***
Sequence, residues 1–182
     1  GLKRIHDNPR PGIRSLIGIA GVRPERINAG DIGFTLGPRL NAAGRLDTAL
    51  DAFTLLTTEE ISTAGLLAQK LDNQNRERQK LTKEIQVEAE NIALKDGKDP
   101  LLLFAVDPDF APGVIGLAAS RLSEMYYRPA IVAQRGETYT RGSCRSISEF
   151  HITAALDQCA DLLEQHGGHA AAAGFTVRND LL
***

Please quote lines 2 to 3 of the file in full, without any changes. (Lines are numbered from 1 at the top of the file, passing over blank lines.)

     1  GLKRIHDNPR PGIRSLIGIA GVRPERINAG DIGFTLGPRL NAAGRLDTAL
    51  DAFTLLTTEE ISTAGLLAQK LDNQNRERQK LTKEIQVEAE NIALKDGKDP